October 26, 2020
Drugmakers are often wary of including premenopausal women in their clinical trials for breast cancer hormonal treatments because they fear fluctuating hormones will skew efficacy and safety results.
But this leads to delays in getting the right treatment to younger women with hormone receptor-positive breast cancer, the U.S. Food and Drug Administration says. Each year, more than 15,000 American women under the age of 40 are diagnosed with breast cancer.
The FDA has drafted new guidance, published earlier this month, that calls for pharmaceutical companies to include younger women in breast cancer treatment trials.
"The inclusion of premenopausal women in breast cancer oncology product development programs will result in more complete clinical information to inform clinical decision making and bring safe and effective therapies in a timely manner to this patient population," the guidance states.
Hormone-receptor positive breast cancer means that the cancer cells have estrogen or progesterone receptors. When the hormones attach to these receptors, it spurs the growth of the cancer.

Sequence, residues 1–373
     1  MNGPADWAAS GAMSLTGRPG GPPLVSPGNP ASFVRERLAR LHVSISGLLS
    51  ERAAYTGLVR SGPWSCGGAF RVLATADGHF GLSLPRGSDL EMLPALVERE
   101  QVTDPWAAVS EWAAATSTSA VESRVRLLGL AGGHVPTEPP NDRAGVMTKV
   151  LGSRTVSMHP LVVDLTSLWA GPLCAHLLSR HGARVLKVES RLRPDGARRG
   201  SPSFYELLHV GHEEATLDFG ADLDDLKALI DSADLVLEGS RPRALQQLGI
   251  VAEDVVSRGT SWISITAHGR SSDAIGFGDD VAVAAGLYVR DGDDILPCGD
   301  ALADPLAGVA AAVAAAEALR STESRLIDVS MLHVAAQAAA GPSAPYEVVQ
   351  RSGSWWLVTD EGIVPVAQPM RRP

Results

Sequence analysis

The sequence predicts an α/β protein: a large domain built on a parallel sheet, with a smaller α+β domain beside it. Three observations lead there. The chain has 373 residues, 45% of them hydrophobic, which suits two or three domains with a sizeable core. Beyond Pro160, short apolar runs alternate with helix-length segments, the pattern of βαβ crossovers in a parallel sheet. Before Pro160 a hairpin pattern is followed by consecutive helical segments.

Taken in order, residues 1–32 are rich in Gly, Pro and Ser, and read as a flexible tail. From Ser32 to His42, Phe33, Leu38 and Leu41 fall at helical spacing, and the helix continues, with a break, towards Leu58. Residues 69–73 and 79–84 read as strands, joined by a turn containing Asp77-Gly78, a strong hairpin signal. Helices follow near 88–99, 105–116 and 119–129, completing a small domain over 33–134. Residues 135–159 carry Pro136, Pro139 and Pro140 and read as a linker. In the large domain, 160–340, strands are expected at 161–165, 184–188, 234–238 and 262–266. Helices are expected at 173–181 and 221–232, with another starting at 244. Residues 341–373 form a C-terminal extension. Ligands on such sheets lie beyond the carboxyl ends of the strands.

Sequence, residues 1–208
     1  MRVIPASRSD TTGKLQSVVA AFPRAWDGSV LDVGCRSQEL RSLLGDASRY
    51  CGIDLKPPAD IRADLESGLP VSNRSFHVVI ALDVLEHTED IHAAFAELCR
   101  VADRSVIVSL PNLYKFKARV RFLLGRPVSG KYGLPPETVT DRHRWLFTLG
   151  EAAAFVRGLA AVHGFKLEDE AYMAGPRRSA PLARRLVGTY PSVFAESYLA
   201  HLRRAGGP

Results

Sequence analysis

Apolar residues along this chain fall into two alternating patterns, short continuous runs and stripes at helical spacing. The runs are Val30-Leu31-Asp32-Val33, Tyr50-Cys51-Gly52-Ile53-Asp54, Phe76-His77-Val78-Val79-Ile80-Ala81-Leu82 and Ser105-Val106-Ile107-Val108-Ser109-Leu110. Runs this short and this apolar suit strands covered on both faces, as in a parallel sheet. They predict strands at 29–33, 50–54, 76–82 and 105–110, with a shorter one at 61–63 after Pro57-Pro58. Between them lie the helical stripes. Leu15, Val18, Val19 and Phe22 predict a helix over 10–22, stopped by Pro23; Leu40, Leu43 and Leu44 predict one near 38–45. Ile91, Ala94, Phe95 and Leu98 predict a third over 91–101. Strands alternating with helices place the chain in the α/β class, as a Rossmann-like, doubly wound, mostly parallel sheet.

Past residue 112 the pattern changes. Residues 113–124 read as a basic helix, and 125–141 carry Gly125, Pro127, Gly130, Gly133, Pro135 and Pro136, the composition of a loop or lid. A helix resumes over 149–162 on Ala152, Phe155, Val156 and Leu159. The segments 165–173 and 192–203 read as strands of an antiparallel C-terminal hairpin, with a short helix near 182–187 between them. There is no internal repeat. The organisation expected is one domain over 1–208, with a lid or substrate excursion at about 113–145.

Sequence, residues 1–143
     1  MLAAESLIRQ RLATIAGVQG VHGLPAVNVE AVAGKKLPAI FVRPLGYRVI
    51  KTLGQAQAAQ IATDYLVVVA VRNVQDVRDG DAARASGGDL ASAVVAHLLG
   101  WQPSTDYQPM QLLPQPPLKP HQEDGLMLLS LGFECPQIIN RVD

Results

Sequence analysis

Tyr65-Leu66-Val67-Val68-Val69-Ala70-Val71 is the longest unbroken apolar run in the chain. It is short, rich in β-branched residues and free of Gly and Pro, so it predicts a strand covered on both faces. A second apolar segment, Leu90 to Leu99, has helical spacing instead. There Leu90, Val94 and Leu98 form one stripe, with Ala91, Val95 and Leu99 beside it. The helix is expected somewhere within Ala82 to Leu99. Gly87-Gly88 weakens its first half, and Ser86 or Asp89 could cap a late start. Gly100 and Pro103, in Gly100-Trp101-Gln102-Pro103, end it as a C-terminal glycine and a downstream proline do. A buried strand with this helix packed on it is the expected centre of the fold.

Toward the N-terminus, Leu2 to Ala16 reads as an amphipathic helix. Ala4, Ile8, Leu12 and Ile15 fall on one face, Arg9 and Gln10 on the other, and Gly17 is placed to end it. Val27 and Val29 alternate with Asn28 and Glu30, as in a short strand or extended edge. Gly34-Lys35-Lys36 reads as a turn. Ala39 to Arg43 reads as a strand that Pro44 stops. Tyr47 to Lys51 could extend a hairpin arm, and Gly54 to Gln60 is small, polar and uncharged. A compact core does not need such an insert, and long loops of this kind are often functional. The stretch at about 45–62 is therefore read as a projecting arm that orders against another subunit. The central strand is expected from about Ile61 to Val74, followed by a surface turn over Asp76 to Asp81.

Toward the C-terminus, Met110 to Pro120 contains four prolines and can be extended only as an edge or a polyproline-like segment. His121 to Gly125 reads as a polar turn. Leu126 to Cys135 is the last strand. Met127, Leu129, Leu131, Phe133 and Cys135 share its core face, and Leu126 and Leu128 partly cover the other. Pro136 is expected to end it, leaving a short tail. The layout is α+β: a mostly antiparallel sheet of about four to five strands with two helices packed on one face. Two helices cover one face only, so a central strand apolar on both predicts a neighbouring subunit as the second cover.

About two-thirds of breast cancers have at least one of these receptors, according to the American Cancer Society. Hormone therapies are used to slow down the growth of this type of cancer.
Medical literature shows that as long as the younger women take adequate estrogen-suppressing drugs they will have the same efficacy and safety profile as postmenopausal women, according to the FDA.
The new guidance says both premenopausal women with adequate estrogen suppression and postmenopausal women should be equally eligible for these trials. The trials may need to stratify randomization by menopausal status if there are any efficacy or safety concerns.
The guidance doesn't address issues of fertility and fertility preservation in premenopausal women with breast cancer. Reproductive toxicity studies may be necessary for any treatment that is indicated for premenopausal women.